In late January, 1918, Captain J.M. Fox of Texas Rangers Company B ordered Ranger Bud Weaver to investigate the tiny border town of Porvenir, Texas after the Brite Ranch Raid. Over 1500 dollars worth of merchandise from the Brite Ranch store and three people on the arriving mail coach were killed during the raid. Porvenir had about 140 people living there, mostly of Mexican origin. At 1 a.m. on January 24, Rangers roused the sleeping people and searched their jacales, mud huts, which housed most of the villagers. They found two rifles and a shotgun which they confiscated. The Rangers held three men for questioning after discovering they wore a type of shoe that had been sold at the Brite Ranch store, though they released them several days later. The Rangers requested help from the US Army to subdue Porvenir.

Troop G, after presenting Captain Henry H. Anderson with a letter from Colonel Langhorne asking for army assistance at Porvenir, arrived shortly after midnight on January 28 where they once again woke everyone in the village and searched their homes. About 40 cavalrymen from Troop G joined the Texas Rangers at Porvenir.  They could find no stolen Brite property. The rangers then selected 15 men between the ages of 16 and 72, marched them to a rock bluff about a mile south of town, and shot them to death. The Rangers immediately left by horse, yelling drunken Comanche-like shouts. The killings were said to be a retaliation for the Brite Ranch raid. Upon discovery of the bodies, most of the survivors fled across the river to Pilares to bury their dead. Most of the victims were fathers with large families. Some had been unlucky enough to be visiting their families at the time of the massacre.

A nearby resident was lawyer and School Master Harry Warren whose father-in-law, Tiburcio Jacques, was killed in the massacre. Warren and neighboring rancher J.J. Kilpatrick were determined determined to bring justice to the innocent people of Porvenir. Later, a false article attributed to Captain Fox (who had not been at the massacre), painted an entirely different picture where Fox claimed his soldiers were shot at by the Porvenir citizens. The truth came out soon after when a U.S. Army special inspector looked into the charges by Warren and Kilpatrick. The inquiry eventually led to Fox’s resignation.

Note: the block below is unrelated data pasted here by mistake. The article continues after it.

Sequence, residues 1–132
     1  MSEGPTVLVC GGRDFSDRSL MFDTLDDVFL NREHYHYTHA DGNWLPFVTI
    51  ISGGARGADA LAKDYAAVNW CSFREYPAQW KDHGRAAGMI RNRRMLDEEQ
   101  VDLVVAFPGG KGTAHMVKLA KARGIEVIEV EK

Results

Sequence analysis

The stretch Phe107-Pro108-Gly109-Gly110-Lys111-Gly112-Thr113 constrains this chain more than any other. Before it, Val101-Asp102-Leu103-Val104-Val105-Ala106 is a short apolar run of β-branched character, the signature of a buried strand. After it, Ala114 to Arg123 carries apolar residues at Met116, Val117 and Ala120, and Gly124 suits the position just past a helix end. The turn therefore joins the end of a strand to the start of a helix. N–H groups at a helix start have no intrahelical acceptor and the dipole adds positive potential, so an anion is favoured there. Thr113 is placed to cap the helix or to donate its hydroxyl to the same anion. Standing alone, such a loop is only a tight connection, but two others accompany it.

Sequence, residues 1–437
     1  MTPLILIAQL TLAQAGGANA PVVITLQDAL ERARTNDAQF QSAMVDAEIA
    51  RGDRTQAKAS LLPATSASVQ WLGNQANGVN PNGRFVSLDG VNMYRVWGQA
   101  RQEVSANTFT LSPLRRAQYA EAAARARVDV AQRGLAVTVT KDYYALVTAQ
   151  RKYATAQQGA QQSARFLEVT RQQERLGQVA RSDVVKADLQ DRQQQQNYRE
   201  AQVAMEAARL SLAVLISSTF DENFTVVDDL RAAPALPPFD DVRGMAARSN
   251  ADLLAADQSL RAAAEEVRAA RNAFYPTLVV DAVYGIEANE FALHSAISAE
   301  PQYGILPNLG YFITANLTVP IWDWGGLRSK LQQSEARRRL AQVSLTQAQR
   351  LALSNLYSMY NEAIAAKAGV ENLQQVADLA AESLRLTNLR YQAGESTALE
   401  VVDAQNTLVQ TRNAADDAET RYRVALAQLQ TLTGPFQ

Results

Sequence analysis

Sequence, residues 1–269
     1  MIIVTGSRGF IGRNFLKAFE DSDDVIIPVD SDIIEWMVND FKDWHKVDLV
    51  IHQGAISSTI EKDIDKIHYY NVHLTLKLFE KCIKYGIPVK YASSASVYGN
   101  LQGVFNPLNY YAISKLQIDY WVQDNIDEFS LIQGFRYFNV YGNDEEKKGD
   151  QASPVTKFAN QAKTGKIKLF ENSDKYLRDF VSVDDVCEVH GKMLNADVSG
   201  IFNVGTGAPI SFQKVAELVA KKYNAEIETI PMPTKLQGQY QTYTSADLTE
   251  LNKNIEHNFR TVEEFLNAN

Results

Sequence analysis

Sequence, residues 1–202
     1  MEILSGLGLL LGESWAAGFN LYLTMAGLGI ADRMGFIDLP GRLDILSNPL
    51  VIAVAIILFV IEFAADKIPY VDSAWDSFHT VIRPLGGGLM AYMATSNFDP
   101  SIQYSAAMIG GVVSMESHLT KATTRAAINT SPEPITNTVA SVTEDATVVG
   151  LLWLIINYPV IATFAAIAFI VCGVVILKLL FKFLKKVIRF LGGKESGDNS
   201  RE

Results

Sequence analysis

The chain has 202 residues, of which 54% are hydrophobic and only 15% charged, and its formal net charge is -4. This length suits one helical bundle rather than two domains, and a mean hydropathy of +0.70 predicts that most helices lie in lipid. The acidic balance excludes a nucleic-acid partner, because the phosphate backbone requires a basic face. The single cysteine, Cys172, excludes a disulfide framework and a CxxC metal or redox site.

The Texas Rangers were charged with 18 cases of corruption and abuse of Mexican citizens before a joint committee of the Texas Senate and House. The slaughter at Porvenir was the most serious charge. The result of the investigation was the complete reorganization of the Rangers, including a reduction in numbers. The Texas State Legislature also passed a law saying that anyone could press charges against a Ranger. No criminal charges were filed against the men responsible for the massacre.

*The above is drawn largely from Glenn Justice’s account in Little Known History of the Big Bend

The Archives holds both the Papers of both Harry Warren and J.J. Kilpatrick  which include fascinating accounts and information on border tension during the Mexican Revolution era. Included in the Warren Papers are handwritten notes documenting the Porvenir massacre. Other materials held by the Archives on the subject include oral histories, photographs, and books.

To commemorate the 100th anniversary of the massacre, Texas state legislators, historians, and Porvenir descendants, are honoring the 15 men killed at Porvenir on January 28, 1918. The gathering will be held at the Texas State Capitol Extension Auditorium in Austin on January 28, 2018. Flyers are available in Archives. There is also a documentary and a Hollywood film in the works.

Harry Warren Porvenir notes


Brite Ranch. The Porvenir Massacre was said to be revenge after Mexican bandits attacked the ranch and stole merchandise and food from the company store